California School Districts Respond to State’s Delay of Student Vaccine Mandate

California School Districts Respond to State’s Delay of Student Vaccine Mandate
High school student, 17, receives her first Pfizer COVID-19 vaccine administered by Medical Assistants from St. John's Well Child and Family Center at Abraham Lincoln High School in Los Angeles on April 23, 2021. (Frederic J. Brown/AFP via Getty Images)
Micaela Ricaforte

Local school districts in California are deciding whether to implement the COVID-19 vaccine mandate for K–12 students to attend in-person instructions after the state postponed the mandate until at least mid-2023.

The state Department of Public Health announced on April 14 that the state will delay its vaccine mandate for students from July 2022 to July 2023 because the vaccines have yet to be fully approved for children by the Food and Drug Administration (FDA), but local school districts can set their own protocols.

Currently, Pfizer-BioNTech's COVID-19 vaccine is the only vaccine with full FDA approval for ages 16 and up, though it has emergency authorization for ages 5–15.

The state’s two largest districts—Los Angeles Unified School District (LAUSD) and San Diego Unified School District—each previously set plans to implement student COVID-19 vaccine mandates later this year.

The Los Angeles Unified has not yet confirmed whether the district is sticking to its plan to require the COVID-19 vaccine for students ages 12 and up this fall.

A spokesperson for Los Angeles Unified told The Epoch Times that the district “will continue to review, assess and consult with our medical experts as we remain guided by the prevailing science and updated policies from local, state and federal health authorities.”

About 87 percent of eligible LAUSD students are already vaccinated, according to the spokesperson.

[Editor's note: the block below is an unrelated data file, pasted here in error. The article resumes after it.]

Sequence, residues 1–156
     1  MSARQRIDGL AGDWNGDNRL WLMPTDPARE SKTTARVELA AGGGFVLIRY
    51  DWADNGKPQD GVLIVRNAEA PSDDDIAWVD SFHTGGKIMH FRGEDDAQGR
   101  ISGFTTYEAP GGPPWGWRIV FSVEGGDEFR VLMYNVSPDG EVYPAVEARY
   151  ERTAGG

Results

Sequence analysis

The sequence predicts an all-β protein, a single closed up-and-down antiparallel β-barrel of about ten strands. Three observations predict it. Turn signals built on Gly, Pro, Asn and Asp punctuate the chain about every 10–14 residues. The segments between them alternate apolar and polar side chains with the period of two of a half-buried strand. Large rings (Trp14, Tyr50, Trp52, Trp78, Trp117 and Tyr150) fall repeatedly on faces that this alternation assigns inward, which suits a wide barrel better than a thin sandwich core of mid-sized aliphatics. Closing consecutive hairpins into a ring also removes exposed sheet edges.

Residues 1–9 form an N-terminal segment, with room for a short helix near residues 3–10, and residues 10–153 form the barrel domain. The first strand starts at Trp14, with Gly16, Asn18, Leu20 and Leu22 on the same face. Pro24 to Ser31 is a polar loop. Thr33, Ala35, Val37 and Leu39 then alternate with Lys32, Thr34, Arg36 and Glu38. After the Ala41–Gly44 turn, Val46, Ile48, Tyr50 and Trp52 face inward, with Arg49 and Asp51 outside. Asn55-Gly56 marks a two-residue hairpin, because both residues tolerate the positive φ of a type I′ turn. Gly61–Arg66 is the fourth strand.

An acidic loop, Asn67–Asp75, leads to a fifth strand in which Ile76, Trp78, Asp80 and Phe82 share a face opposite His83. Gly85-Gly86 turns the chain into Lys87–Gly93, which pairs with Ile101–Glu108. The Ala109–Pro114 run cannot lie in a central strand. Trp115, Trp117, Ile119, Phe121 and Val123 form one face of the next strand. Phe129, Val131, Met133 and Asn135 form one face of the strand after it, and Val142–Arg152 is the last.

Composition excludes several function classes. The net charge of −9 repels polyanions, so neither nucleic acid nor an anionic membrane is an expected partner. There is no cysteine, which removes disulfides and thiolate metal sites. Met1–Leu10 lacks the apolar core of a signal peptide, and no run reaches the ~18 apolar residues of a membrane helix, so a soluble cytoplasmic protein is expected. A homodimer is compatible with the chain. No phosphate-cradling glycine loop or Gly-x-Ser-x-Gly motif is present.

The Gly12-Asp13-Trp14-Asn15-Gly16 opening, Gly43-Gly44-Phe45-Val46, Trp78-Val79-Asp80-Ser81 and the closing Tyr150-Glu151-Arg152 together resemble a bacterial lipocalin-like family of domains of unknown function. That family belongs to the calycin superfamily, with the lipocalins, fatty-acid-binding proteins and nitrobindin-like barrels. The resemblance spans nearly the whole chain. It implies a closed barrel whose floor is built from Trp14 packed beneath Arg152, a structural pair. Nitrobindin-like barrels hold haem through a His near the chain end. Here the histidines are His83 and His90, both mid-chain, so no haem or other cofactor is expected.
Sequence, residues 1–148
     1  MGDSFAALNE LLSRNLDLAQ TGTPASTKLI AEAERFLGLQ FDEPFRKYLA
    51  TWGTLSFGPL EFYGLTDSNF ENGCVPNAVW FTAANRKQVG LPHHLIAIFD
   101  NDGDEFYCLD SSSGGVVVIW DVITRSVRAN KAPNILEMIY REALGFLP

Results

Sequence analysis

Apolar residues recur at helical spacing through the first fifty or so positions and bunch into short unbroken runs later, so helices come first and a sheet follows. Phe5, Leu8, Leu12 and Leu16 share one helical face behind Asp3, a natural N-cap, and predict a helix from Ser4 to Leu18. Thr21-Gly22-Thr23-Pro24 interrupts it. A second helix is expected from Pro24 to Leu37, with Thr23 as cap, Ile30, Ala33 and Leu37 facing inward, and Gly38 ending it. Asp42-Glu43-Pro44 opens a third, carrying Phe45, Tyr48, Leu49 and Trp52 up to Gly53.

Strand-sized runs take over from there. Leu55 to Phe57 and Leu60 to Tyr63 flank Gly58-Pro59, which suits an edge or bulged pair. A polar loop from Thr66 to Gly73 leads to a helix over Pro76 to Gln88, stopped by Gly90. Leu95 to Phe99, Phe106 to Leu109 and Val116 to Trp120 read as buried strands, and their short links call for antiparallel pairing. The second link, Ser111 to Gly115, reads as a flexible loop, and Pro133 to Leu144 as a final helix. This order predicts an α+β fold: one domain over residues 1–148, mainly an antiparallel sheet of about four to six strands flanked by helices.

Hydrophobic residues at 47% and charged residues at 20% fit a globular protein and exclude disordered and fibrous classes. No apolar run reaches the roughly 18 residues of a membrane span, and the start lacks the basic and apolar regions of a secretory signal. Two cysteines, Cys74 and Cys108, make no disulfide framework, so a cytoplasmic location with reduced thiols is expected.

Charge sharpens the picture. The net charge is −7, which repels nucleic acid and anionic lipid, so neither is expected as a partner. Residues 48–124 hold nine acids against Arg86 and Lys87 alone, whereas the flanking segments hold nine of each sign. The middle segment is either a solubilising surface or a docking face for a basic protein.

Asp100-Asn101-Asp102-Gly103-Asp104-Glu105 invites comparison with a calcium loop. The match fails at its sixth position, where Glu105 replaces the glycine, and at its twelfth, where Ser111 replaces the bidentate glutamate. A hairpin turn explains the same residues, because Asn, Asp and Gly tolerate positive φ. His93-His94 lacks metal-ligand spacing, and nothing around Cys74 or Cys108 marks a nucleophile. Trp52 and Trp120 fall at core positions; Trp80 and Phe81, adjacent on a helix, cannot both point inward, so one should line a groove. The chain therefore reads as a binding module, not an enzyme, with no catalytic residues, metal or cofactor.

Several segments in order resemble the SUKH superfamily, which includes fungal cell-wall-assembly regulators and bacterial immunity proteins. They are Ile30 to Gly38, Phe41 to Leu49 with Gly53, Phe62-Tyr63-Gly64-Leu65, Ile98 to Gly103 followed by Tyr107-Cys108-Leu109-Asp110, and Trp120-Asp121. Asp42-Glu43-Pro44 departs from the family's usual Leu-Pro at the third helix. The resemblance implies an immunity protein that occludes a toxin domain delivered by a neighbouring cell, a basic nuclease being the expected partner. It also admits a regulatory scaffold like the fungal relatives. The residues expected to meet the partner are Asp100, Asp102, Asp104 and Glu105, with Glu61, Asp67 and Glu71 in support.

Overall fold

If the district upholds its mandate, unvaccinated students will need to enroll in the district’s online learning programs for the upcoming school year.

The San Diego Unified announced last week it plans to continue its vaccine mandate for students ages 16 and up, effective as early as July for the district’s summer school program.

San Diego Unified Board trustee Richard Barrera told NBC that the district only requires vaccination for students ages 16 or older since the vaccine only has full FDA approval for that age group.

About 80 percent of this age group has been vaccinated, according to Barrera.

“In order to attend in-person they must be vaccinated. If not, they'll enroll in the online program Virtual Academy,” Barrera said.

California’s other major school districts indicated they are following the state’s guidelines unless the state mandates the COVID vaccines later.

A spokesperson for the Long Beach Unified School District, the state’s fourth-largest district, told The Epoch Times it plans “to implement any future COVID vaccination mandate for students as directed by the California Department of Public Health,” but that the district “still encourage[s] vaccination for all who are eligible.”

The Corona-Norco Unified School District and the Capistrano Unified School District also confirmed to the Epoch Times that they will not implement a COVID-19 vaccine mandate for students unless required by the state health department.

Though the COVID-19 vaccine has not received full FDA approval and the mandate is delayed, California Department of Public Health Director Tomás J. Aragón still urged Californians and their children to get vaccinated.

“CDPH strongly encourages all eligible Californians, including children, to be vaccinated against COVID-19,” Aragón said in an April 14 statement. “We continue to ensure that our response to the COVID-19 pandemic is driven by the best science and data available.”
California Sen. Richard Pan (D-Sacramento) announced last week he would withdraw Senate Bill 871, a bill he introduced in January that would add the COVID-19 vaccine to the state’s list of required vaccines for students to attend public K–12 schools while eliminating personal belief exemption—making the bill stricter than the student vaccine mandate recently postponed by the state.
“Until children’s access to COVID vaccination is greatly improved, I believe that a statewide policy to require COVID vaccination in schools is not the immediate priority,” Pan said in an April 14 statement.

A spokesperson for the Los Angeles Public Health Department was not immediately available for comment.

Spokespeople for other major school districts in the state, including the San Diego Unified, Fresno Unified, San Francisco Unified, San Bernadino Unified, and San Juan Unified, were not immediately available for comment.

Micaela Ricaforte covers education in Southern California for The Epoch Times. In addition to writing, she is passionate about music, books, and coffee.